Spie Press BookIntroduction to Interpretation of Graphic Images
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- 1 The Problem of Graphical Image Interpretation
- 1.1 Importance and Difficulties of the Problem 1
- 1.2 Line-Drawing Specifics 5
- 1.3 Existing Systems for Automatic Input of Graphical Information 10
- References 16
- 2 Methodology of Line-Drawing Interpretation
- 2.1 Requirements for Line-Drawing Interpretation Technology 22
- 2.2 Stages of Line-Drawing Interpretation 24
- 2.3 Image Representation 25
- 2.4 Possible Outputs 28
- References 32
- 3 Image Scanning and Binarization
- 3.1 Scan Devices 33
- 3.2 Image File Formats 35
- 3.3 Image Binarization 38
- 3.3.1 Global thresholding 39
- 3.3.2 Multithresholding 40
- 3.3.3 Local thresholding 41
- 3.3.4 Concluding remarks 41
- 3.4 Binary Image Processing: Main Concepts 42
- 3.5 Distance Transform and Mathematical Morphology 46
- References 52
- 4 Binary Image Processing
- 4.1 General Principles 56
- 4.2 Noise Reduction 58
- 4.3 Thinning 61
- 4.4 Medial Axis Transform 68
- 4.5 Contouring 70
- References 73
- 5 Image Vectorization
- 5.1 Vectorization and Feature Extraction 79
- 5.2 Object Approximation 82
- 5.3 Vector Image Representation 84
- 5.4 Control and Correction of Vectorization Errors 87
- References 90
- 7 Recognition of Engineering Drawing Entities
- 7.1 General Principles 124
- 7.2 Specifics of ED Image Vectorization 126
- 7.3 Extraction of Arcs and Straight Lines 127
- 7.4 Recognition of Dashed Lines 129
- 7.5 Recognition of Crosshatched Areas 133
- 7.6 Recognition of Dimensions 136
- References 142
- 8 Output and Conclusion
- 8.1 Interactive Techniques of Map Interpretation 146
- 8.1.1 Mixed automatic-interactive image interpretation 146
- 8.1.2 Automated image digitizing under operator control 147
- 8.2 Data Quality and Control of Digitized Information 148
- 8.2.1 Main notions of data quality 148
- 8.2.2 Data quality at interpretation stages 152
- 8.2.3 Control of digitized data 154
- 8.3 Output Formats 155
- 8.4 Drafting of Line Drawings 156
- 8.5 Practical Recommendations 157
- 8.6 From 2D to 3D Representation 160
- 8.7 Topics for Further Development 161
- References 163
- Keyword Index 165
The rapid growth of computer facilities and their peripheral devices has led to their wide influence on all spheres of human activity. Although originally developed for mathematical calculations in the 1960s and 70s, they began to be used for more complex tasks such as OCR, voice recognition, and graphical document interpretation.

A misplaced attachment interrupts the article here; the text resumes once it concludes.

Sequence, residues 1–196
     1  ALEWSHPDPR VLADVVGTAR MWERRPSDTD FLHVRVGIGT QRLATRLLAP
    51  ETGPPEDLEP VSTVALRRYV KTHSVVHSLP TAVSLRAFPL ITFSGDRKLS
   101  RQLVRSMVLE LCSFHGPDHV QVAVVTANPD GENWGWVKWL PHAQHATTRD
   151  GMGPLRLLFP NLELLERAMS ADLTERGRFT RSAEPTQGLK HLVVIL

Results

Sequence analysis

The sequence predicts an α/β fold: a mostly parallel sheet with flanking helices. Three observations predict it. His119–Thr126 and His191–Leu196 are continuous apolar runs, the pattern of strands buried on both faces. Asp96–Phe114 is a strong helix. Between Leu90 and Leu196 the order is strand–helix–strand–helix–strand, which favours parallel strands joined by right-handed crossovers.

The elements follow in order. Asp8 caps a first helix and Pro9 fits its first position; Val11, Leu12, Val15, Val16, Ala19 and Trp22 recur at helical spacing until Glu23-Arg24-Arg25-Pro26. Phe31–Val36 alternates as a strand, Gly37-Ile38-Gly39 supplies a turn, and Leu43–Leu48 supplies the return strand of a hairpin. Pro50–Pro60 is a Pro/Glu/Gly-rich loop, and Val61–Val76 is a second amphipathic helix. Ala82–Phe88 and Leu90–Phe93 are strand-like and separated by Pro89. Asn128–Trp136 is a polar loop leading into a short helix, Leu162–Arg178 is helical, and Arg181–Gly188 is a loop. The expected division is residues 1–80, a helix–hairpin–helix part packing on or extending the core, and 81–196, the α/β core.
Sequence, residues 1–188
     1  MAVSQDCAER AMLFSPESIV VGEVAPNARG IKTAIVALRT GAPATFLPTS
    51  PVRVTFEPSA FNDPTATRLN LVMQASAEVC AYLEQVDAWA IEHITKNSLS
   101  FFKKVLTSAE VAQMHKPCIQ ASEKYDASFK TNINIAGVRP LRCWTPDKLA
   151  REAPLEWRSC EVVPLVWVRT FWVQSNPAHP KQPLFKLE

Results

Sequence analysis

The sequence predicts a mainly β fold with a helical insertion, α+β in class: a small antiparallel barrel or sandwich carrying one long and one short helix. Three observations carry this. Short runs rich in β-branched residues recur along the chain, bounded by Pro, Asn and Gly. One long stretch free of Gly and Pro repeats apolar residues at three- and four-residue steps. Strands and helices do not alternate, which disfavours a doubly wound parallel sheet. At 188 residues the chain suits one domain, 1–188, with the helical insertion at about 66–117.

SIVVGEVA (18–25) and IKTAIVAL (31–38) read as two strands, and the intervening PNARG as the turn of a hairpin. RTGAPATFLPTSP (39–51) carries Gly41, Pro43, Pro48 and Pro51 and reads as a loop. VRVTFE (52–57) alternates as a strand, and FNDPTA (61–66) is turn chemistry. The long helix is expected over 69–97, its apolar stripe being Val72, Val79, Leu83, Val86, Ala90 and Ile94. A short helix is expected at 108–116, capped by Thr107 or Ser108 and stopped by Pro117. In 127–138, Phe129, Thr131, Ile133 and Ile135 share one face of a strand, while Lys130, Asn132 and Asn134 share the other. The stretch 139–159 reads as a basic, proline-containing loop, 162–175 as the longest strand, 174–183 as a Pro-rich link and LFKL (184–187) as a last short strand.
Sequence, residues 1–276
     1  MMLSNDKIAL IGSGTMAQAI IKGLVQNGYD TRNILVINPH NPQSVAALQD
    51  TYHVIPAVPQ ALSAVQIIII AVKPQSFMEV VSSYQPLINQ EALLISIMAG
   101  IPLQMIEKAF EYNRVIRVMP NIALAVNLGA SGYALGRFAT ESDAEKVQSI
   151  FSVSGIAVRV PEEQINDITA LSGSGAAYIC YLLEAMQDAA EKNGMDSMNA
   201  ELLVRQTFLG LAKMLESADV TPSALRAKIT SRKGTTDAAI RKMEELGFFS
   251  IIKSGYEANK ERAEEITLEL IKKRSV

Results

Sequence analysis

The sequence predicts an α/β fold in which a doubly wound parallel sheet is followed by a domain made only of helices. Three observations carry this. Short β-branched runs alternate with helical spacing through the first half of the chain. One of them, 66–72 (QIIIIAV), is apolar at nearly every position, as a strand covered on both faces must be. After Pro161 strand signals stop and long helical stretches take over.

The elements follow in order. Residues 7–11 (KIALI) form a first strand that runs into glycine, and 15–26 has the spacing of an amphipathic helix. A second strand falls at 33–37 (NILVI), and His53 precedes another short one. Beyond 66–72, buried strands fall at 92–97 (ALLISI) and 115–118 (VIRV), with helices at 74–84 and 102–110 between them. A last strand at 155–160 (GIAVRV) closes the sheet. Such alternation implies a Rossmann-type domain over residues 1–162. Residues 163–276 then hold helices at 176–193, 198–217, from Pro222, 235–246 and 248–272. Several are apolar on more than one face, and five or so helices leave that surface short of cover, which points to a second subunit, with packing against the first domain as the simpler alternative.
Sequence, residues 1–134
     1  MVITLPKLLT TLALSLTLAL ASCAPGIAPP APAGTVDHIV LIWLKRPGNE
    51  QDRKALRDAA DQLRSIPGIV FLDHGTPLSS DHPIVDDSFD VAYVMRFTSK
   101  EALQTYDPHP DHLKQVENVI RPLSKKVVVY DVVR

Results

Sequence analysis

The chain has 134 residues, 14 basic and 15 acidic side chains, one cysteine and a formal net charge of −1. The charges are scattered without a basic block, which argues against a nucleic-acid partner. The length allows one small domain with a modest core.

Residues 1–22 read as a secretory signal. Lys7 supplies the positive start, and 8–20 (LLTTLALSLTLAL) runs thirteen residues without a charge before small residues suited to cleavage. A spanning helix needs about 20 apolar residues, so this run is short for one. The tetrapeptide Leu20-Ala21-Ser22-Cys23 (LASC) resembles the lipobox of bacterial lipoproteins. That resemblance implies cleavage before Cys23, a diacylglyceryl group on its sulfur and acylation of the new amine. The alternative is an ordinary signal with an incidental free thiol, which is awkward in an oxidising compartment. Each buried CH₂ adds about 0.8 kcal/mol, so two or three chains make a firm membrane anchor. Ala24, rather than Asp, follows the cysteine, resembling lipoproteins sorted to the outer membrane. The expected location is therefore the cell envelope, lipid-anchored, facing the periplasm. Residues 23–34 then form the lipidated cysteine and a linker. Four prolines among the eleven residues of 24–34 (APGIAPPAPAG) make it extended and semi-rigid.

The ever-increasing amount of paper records precipitated research into electronic storage and organization of graphical information. With the fast development of input-output devices such as digitizers, scanners, and plotters, this task became more realistic, and by the end of the 1970s, the first systems for text recognition were being developed. Attention then turned to graphical information input devices. Although they were at first too expensive to be practical, further progress in hardware design led to less costly peripheral devices and computers, and now nearly every small company and an increasing number of individuals have them.
From the mathematical point of view, that period of the late 1970s and onward has been characterized by increasing attention to image processing and pattern recognition algorithms that has led to increased software development. Along with theoretical developments, particular attention has been paid to development of task-oriented systems in each specific field.
The image analysis community has put much effort into developing systems for the automatic reading of various types of documents containing text, graphical information, and pictures. A closely related but much more problematic task is the reading and interpretation of line drawings such as maps, engineering drawings, and diagrams. This book considers the problem in detail, analyzes its theoretical foundations, and examines existing approaches and systems.